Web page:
Experiments

The Importance of Being Random

Since speaking to you last, our 3000 pots have been joined by a further experiment containing 7100 pots. As you may remember from my last post Big experiments!! we are only really happiest when there are pots numbering into 4 figures!! But this many individuals in science causes a problem: the importance of being random.You quickly learn in science at school and then university and then in your job that you can’t just plonk a pot wherever you like in the glasshouse. At school you learn the basic principle that for scientific results to be ‘true’ you need replicates in your experiment and ideally should repeat it many times. Then at University you learn in a bit more depth of putting these replicates into a block that can be a tray or set of pots/containers and that a rep could be in a tray or a whole glasshouse. And then when you actually have to do it for real in your job you get statisticians involved and they start talking about “randomised block design” and “Latin squares” and they send you a crazy spreadsheet with everything “nested” in amongst each other.

Of course I totally understand that this is because we are trying to minimise the risk of affected results due to environmental conditions, for instance making sure that all the plants of one population are not next to the window. However, our experiments are so big that our randomisations become quite complicated. For the 7100 pot experiment, each pot is randomly assigned a position in a tray, then each tray is randomly assigned a place within a glasshouse and each glasshouse contains a rep.

Once the randomisation has been designed by the statisticians then it’s up to us to put it into action. And as you can imagine for the size of these experiments the task is quite a large one. For the experiment on the sandbeds it was easier to sow the plants in population order so that if we needed to replace a seedling we could do so easily. However to then put these pots into the random order, we effectively have to empty the beds and place them back on again, which is slightly soul destroying once you have done this 7 times but a job that Team Efficient has worked out can take two hours per rep. For the experiment in the glasshouse all the plants were again sown by population number and then we had a thick document listing all the pots telling us which glasshouse then which tray and which position in tray they went in. I worked out I could put out the 49 pots required for each population in 13 minutes and it took three of us three full days to sow that experiment.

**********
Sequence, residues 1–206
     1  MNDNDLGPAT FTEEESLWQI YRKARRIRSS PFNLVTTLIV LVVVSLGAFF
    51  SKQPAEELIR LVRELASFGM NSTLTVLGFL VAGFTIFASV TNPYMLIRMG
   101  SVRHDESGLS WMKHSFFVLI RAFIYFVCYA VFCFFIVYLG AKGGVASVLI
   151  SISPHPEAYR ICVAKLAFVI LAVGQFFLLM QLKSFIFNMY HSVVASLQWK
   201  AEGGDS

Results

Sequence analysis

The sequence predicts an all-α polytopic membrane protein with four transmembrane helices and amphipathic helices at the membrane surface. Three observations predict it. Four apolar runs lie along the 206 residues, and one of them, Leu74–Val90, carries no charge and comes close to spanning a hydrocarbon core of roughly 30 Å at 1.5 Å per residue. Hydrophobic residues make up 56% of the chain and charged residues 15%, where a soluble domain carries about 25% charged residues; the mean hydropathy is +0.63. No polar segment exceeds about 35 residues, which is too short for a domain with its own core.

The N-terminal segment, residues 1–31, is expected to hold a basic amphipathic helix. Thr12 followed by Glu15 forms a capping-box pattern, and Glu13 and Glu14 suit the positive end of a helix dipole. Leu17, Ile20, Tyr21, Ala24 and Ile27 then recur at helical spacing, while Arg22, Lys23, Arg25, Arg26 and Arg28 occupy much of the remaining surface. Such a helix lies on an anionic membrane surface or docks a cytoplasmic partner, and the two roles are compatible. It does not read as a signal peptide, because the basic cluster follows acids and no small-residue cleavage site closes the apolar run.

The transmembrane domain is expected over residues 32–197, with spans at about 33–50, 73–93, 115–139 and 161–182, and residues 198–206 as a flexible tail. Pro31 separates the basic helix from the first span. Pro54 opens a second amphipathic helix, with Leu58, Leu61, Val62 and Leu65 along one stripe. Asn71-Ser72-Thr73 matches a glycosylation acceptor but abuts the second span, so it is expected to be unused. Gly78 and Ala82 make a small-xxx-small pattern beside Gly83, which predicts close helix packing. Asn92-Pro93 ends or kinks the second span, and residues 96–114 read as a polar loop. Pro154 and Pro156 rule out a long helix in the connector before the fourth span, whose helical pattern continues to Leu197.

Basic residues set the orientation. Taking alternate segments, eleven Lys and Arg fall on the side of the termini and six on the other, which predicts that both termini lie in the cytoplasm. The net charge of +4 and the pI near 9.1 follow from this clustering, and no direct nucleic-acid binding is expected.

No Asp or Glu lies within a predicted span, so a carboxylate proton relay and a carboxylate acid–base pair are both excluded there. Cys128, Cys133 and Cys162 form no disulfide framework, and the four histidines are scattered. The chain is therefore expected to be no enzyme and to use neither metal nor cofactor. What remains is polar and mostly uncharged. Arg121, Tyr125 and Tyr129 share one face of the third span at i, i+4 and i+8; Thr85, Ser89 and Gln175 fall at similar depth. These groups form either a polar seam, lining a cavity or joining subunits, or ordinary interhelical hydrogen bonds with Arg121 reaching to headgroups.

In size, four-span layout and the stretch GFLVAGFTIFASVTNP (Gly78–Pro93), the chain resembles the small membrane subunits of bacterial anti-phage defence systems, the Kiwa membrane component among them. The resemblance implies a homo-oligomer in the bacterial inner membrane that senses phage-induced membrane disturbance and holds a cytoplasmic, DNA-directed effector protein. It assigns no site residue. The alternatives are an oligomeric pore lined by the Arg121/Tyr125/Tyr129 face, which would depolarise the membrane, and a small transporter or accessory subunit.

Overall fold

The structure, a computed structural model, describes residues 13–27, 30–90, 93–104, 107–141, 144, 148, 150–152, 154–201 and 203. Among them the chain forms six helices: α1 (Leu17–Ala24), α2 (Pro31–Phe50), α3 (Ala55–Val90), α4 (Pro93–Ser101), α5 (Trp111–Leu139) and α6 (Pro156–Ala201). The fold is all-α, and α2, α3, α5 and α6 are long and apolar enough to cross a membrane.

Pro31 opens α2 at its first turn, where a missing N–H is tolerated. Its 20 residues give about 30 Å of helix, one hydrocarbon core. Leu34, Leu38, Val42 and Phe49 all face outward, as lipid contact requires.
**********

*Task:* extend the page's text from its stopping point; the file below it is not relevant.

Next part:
Then last week we needed to spray the plants because they are part of our Quantitative Genetics experiment (I’ll explain our genetics stuff in a future post) and we wanted to test the populations (this is only a third of them, we will be running this experiment twice more) with different herbicides. The problem is that we have to take the pots out of the tray to spray them and then when we put them back in we haven’t got time or the memory to remember where they all go.

So I think you can guess what I will be doing for a couple of days next week – yep you’ve got it…….re-randomising!!!

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One thought on “The Importance of Being Random

  1. Pingback: Busy Busy Busy | The Life of a Technician

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